Embracing change

Seasonal depression during the cold winter months is a real phenomenon and one that can impact negatively on existing stresses and relationship strain. Add to this the emotional turmoil caused by pregnancy hormones and even the healthiest of relationships will be put to the test.

As we say farewell to winter, I would like to use this month’s column to help reduce the number of premature labours that tend to occur in September and October, the months after winter. While there is no documented research to support this as scientific fact, there are evidence-based analogies that encourage us to take a closer look at seasons and labour.

Poor mental health is still a misunderstood and even taboo subject in many societies in South Africa, so much so that any intervention is often only made long after the problem first emerged. The fact is that emotional strain far outweighs physical strain, yet we still wait for a person to show physical symptoms before we help them.

I would like to share a case study to better illustrate my point.

Sylvia* married the man of her dreams last year and as with all young couples, they are still learning about the give and take of marriage. Sylvia fell pregnant quite early in their marriage and at six months, she is dealing with the physical demands of her pregnancy, such as swelling, water retention and stretch marks.

“With the coughing and sneezing, she may be in danger of her membranes rupturing prematurely.”

To make matters worse, their medical aid is not covering some of the tests her health care provider has requested and her compromised immune system along with the seasonal dust and pollen have exposed her a bout of the flu. This is just one example of how the physical and emotional demands of a situation can play out in our lives. With the coughing and sneezing, she may be in danger of her membranes rupturing prematurely.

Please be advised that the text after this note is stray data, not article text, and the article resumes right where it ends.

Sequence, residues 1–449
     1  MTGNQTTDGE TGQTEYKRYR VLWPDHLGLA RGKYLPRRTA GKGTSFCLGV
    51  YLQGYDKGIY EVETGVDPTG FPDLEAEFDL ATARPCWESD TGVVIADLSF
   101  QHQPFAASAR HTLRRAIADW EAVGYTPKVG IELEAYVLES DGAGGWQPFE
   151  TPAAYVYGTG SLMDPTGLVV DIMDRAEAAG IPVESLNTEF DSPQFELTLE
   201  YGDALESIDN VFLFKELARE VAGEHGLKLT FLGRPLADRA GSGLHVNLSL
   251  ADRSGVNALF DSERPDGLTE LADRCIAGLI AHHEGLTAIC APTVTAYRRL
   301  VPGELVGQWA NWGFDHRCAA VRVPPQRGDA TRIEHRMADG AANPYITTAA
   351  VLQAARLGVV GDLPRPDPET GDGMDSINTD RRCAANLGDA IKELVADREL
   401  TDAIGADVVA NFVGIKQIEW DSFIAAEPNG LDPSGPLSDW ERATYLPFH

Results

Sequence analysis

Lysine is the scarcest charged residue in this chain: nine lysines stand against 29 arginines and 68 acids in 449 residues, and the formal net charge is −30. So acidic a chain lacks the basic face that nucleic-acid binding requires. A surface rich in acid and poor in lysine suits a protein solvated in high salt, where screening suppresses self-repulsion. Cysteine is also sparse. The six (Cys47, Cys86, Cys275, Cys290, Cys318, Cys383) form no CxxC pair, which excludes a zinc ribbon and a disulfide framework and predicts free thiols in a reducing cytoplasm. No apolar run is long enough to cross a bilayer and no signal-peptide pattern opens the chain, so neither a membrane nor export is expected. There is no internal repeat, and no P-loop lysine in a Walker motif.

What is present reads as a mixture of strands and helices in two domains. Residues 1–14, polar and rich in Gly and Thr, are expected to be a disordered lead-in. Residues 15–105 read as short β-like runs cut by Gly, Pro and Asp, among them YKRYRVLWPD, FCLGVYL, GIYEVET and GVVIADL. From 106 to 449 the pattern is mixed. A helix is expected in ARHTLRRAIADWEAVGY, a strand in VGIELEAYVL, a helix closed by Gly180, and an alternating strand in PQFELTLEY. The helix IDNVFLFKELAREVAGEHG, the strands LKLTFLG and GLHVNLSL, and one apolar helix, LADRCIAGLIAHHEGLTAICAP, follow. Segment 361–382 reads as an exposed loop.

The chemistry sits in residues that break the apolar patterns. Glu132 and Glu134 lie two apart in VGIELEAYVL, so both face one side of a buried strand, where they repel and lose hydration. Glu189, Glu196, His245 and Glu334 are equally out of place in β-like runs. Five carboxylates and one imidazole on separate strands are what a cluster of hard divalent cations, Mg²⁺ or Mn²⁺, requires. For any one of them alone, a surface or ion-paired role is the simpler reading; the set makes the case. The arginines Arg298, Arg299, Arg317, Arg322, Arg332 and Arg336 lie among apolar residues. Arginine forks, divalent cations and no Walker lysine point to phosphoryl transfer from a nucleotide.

The moral of this story is to be kind to yourself. Pregnancy brings with it many changes, some permanent and some temporary. Finances are important, but having a healthy baby more so. You are not alone; every woman has flaws, so let your stretch marks be yours and remember that not every comment about your pregnancy is a personal attack on you.

Allow your village to nurture you through this time and rely on the wisdom of your midwife or doctor to get you through. If you are feeling overwhelmed mentally or physically, reach out for help to enjoy a healthier, happier pregnancy.

*Not her real name

Also read:

In labour for a week

Xoli Makabane babyyumyum expert
Thank you for considering us to be your guide during this special time of your lives. As your midwives, you have assigned us to look after your health and that of your unborn baby. We will endeavour to be there for you whenever you need us at any time of the day.